1 And Agrippa said to Paul, Thou art permitted to speak for thyself. Then Paul stretched forth his hand and made his defence: 2 I think myself happy, king Agrippa, that I am to make my defence this day before thee concerning all things of which I am accused by the Jews; 3 especially as thou art acquainted with all the customs and questions among the Jews. Wherefore I beseech thee to hear me patiently.
4 My manner of life, then, from my youth, which was from the beginning among my own nation and at Jerusalem, all Jews know: 5 and they know, if they are willing to testify, that from the first, according to the strictest sect of our religion, I lived a Pharisee. 6 And now I stand on trial for the hope of the promise made by God to the fathers, 7 which our twelve tribes, earnestly serving God day and night, hope to obtain; concerning which hope, O king, I am accused by Jews. 8 Why is it judged incredible with you if God raiseth the dead? 9 I indeed thought with myself that I ought to do many things in opposition to the name of Jesus the Nazarene. 10 Which I also did in Jerusalem; and many of the saints did I myself shut up in prisons, having received authority from the chief priests; and when they were put to death, I gave my voice against them. 11 And I punished them often in all the synagogues, and compelled them to blaspheme; and being exceedingly mad against them, I pursued them even to foreign cities.
12 And as I was going to Damascus on this business, with authority and a commission from the chief priests, 13 at midday, on the road, O king, I saw a light from heaven above the brightness of the sun, shining around me and those who were journeying with me. 14 And when we had all fallen to the earth, I heard a voice speaking to me, and saying in the Hebrew tongue, Saul, Saul, why persecutest thou me? It is hard for thee to kick against the goads.
15 And I said, Who art thou, Lord? And the Lord said, I am Jesus, whom thou persecutest. 16 But arise and stand upon thy feet; for I have appeared to thee for this purpose, to prepare thee as a minister and a witness both of the things which thou sawest, and of those on account of which I will appear to thee; 17 delivering thee from the people, and from the gentiles, to whom I send thee, 18 to open their eyes that they may turn from darkness to light and from the power of Satan to God, that they may receive forgiveness of sins, and an inheritance among the sanctified, by faith in me.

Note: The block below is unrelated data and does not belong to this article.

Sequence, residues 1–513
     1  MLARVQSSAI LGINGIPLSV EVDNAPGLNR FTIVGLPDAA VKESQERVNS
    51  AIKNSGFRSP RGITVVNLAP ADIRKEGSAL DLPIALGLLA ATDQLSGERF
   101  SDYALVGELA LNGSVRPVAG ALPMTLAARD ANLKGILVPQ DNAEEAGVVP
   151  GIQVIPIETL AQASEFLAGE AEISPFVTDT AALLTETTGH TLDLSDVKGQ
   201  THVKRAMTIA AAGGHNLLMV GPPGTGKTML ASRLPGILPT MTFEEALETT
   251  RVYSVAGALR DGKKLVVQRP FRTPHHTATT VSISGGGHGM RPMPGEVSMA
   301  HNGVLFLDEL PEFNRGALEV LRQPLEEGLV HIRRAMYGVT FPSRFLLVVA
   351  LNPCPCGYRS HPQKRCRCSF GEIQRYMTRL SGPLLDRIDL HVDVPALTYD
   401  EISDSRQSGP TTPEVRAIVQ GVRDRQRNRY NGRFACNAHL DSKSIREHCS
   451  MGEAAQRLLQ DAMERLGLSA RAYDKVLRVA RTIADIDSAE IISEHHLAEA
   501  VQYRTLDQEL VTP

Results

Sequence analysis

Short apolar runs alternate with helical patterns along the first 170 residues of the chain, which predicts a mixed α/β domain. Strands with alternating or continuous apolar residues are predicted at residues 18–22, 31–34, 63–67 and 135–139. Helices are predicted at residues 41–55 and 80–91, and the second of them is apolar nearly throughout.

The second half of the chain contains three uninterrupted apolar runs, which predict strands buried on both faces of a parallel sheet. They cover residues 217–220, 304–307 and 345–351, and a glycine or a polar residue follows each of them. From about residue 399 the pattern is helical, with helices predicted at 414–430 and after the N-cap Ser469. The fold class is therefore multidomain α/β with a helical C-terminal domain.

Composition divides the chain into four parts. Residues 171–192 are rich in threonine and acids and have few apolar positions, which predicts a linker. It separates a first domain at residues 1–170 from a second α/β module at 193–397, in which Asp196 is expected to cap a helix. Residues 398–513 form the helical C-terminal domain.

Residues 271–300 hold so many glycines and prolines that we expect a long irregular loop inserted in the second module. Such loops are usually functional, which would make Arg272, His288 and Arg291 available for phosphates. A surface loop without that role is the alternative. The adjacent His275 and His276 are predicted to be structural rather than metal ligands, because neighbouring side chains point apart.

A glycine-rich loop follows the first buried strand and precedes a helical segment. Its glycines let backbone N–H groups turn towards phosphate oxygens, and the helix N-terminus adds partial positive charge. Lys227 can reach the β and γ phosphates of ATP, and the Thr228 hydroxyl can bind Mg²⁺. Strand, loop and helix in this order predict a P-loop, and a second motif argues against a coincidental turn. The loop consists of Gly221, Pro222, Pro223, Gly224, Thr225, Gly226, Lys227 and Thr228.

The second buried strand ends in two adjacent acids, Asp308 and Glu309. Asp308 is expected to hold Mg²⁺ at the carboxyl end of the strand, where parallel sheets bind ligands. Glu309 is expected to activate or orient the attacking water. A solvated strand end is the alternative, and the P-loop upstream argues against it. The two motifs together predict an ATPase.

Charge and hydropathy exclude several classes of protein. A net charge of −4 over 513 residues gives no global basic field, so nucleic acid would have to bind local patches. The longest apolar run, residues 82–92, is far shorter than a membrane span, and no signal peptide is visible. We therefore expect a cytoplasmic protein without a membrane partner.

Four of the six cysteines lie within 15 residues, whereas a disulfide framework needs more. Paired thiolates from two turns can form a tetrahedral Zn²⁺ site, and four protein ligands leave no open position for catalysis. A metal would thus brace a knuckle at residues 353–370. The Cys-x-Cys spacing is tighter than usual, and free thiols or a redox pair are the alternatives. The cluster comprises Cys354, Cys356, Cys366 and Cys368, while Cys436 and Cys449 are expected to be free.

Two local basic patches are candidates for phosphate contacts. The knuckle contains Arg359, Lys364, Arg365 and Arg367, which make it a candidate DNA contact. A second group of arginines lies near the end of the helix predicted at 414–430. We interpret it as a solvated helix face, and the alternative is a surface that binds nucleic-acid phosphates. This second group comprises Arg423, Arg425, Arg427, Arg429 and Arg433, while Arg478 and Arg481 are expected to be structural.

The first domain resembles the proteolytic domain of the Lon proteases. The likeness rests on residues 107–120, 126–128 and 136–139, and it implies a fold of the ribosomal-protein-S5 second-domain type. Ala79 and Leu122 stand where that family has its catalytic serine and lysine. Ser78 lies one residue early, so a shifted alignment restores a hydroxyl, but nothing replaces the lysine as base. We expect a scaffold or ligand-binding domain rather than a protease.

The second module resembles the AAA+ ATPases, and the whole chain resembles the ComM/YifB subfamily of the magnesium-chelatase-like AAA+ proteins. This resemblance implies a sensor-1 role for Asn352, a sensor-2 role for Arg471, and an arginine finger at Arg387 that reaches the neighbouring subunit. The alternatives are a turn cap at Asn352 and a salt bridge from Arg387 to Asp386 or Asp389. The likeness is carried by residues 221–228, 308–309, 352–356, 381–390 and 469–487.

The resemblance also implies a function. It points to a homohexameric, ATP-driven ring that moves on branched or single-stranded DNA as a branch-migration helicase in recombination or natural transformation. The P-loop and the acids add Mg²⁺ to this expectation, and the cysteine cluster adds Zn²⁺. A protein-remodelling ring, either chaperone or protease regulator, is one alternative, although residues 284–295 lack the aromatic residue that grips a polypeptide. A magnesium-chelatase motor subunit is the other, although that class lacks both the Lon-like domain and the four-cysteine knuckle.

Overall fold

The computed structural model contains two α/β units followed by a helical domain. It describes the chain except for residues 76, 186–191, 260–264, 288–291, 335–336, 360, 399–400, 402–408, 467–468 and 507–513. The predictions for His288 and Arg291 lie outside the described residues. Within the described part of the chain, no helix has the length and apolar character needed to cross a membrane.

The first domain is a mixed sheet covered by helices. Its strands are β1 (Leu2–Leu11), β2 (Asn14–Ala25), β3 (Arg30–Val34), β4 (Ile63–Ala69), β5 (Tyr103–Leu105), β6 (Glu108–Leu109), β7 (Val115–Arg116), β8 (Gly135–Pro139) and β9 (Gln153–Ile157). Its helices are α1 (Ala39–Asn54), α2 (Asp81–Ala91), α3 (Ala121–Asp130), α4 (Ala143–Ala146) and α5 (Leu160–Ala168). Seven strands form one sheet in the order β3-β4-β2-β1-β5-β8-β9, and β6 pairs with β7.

19 Wherefore, O king Agrippa, I was not disobedient to the heavenly vision; 20 but first to those in Damascus, and Jerusalem, and to all the country of Judaea, and then to the gentiles, I proclaimed that they should repent and turn to God, doing works worthy of repentance. 21 For these causes the Jews seized me in the temple, and attempted to kill me. 22 Having, however, obtained help from God, I continue to this day, witnessing both to small and great, saying nothing except those things which the Prophets and Moses said were to come to pass; 23 that the Christ should suffer, and that, as first of those raised from the dead, he was to proclaim light both to the people and to the gentiles.
24 And as he was thus speaking in his defence, Festus said with a loud voice, Paul, thou art beside thyself; much learning is making thee mad.
25 But he saith, I am not mad, most noble Festus, but utter words of truth and soberness. 26 For the king knoweth about these things well; to whom also I speak boldly; for I am persuaded that none of these things is hidden from him: for this was not done in a corner. 27 King Agrippa, believest thou the Prophets? I know that thou believest.
28 Then Agrippa said to Paul, With little effort thou thinkest to persuade me to become a Christian.
29 And Paul said, I would to God, that with little effort or with great, not only thou, but also all that hear me this day, might be made such as I am, except these bonds.
30 And the king rose up and the governor and Bernice, and those who sat with them; 31 and going aside they talked with each other, saying, This man is doing nothing deserving death, or bonds.
32 And Agrippa said to Festus, This man might have been set at liberty, if he had not appealed to Caesar.